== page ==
8. A process as claimed in claim 7, wherein said coating is a plasma deposited coating.
9. A process as claimed in claim 1, wherein a coating is subsequently applied to the surface.
10. A process as claimed in claim 9, wherein said coating is a plasma deposited coating.
Description

This is a continuation of application Ser. No. 706,791, filed Feb. 28, 1985 now abandoned.

This invention relates to the surface treatment of plastics materials and in particular to techniques for removing surface dissolution materials.

Surface flaws such as scratches are quite common on plastics products and components. Where the component is used in a continual application, e.g. as an optical element, such flaws may have a deleterious effect on performance. Also, in applications where a surface coating is to be applied to the component the coating integrity may be limited by the presence of surface discontinuities.

Removal of surface discontinuities may in some instances be effected by melting of the plastics material. However this is not possible with many plastics materials and may of course lead to deformation of the component itself. A possible solution to this problem is the use of plasma melting techniques and in particular pulsed plasma techniques which heat only the surface of the component. UK Patent Application No. 2105729 A (R. A. H. Heinecke-S. M. Ojha-M. J. Cooke 30-2-2) for example describes a process for surface processing a heat sensitive substrate material comprising exposing the surface of the substrate to a high intensity radio frequency pulsed plasma of low average power, the plasma pulse producing a power density of at least a few kW per liter.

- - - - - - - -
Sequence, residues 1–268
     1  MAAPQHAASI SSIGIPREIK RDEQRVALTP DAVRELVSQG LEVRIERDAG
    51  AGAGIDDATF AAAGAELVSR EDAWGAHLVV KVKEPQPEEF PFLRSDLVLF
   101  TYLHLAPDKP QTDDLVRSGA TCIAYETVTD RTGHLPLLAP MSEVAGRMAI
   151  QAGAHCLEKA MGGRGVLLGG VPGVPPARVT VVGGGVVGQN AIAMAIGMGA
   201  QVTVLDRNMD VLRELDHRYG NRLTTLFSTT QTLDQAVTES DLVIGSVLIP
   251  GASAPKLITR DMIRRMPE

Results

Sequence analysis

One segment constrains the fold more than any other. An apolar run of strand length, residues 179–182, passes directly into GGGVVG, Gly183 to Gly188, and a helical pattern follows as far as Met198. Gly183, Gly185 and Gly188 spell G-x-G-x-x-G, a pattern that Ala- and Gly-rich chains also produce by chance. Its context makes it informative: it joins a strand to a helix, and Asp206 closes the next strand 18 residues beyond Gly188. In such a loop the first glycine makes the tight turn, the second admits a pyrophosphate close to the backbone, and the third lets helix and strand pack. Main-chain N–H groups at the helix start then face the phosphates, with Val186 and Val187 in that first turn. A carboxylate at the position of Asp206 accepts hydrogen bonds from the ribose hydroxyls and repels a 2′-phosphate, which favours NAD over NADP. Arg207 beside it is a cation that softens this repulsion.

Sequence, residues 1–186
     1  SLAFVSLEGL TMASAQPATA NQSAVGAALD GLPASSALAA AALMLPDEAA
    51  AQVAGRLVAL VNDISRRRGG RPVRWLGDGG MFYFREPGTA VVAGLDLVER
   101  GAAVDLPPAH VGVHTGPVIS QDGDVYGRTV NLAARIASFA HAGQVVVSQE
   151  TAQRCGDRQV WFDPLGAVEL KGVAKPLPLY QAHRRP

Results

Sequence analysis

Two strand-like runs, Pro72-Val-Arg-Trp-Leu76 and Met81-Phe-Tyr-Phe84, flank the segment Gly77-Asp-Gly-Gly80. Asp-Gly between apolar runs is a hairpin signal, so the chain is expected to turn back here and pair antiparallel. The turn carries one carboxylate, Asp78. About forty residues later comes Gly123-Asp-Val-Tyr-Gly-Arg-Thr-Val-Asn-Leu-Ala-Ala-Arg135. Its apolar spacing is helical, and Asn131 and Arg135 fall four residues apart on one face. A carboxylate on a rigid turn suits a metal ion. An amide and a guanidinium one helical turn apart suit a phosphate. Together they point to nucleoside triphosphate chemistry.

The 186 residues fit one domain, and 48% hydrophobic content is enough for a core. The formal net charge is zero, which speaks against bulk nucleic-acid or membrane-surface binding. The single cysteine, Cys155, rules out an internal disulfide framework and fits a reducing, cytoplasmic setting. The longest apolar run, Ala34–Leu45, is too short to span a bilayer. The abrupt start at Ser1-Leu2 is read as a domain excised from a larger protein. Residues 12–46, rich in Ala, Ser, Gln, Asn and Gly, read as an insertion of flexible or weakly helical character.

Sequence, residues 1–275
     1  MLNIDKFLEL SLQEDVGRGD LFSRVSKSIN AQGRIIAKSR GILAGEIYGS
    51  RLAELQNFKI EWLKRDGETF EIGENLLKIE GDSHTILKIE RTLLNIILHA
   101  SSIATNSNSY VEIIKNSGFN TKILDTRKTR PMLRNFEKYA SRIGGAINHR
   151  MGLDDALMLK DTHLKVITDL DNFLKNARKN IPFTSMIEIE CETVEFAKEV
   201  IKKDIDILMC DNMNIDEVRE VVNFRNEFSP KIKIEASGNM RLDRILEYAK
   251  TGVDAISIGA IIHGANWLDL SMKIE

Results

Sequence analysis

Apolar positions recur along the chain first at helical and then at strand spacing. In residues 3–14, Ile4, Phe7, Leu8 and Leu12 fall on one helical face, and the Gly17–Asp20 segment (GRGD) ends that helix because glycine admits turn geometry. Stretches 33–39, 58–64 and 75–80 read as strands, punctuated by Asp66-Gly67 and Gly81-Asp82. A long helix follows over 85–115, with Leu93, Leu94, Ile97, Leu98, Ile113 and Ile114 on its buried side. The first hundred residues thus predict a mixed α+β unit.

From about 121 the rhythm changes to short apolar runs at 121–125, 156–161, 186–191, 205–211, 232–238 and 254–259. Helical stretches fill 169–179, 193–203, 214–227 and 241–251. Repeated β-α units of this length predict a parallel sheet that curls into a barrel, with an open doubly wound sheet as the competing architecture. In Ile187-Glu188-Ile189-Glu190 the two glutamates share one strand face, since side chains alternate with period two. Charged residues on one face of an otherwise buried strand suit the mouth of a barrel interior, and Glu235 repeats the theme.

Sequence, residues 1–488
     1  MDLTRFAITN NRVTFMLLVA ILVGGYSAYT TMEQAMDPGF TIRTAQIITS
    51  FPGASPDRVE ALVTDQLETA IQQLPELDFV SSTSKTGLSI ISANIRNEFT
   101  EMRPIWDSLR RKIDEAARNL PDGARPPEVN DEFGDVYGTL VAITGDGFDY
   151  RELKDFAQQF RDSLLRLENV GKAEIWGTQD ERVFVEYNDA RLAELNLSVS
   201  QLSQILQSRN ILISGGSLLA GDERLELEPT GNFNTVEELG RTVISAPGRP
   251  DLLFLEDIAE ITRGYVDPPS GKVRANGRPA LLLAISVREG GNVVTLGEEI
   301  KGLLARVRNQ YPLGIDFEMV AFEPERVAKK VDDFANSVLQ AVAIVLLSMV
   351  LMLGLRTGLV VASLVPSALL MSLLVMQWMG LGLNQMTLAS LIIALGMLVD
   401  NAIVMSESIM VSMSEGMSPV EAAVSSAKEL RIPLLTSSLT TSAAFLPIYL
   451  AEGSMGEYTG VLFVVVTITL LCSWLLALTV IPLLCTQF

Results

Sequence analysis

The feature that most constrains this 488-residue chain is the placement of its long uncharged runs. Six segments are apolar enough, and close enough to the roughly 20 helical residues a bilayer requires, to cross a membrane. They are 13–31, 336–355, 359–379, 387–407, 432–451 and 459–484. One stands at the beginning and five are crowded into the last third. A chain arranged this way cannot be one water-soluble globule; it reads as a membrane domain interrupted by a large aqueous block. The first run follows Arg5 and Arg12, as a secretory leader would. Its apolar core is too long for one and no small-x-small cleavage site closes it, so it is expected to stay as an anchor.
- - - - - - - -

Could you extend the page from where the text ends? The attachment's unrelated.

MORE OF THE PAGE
Although surface heating can be achieved by the process described in application No. 2105729A it is difficult to provide adequate surface melting as the cross-linking action of the plasma increases the effective melting temperature.

The object of the present invention is to minimise or to overcome this disadvantage.

According to the invention there is provided a process for removing discontinuities from a plastics surface by fusion of that surface, the process including exposing the surface to a pulsed radio frequency plasma, the major or sole constituent of which is argon.